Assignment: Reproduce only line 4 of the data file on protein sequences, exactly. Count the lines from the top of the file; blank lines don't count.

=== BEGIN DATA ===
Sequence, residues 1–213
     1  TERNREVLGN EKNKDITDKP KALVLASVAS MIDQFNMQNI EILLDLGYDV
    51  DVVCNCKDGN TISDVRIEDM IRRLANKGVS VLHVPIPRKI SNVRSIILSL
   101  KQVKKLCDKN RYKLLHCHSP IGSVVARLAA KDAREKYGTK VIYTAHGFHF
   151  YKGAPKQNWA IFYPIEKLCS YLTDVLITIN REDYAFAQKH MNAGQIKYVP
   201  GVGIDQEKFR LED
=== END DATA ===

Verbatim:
   101  KQVKKLCDKN RYKLLHCHSP IGSVVARLAA KDAREKYGTK VIYTAHGFHF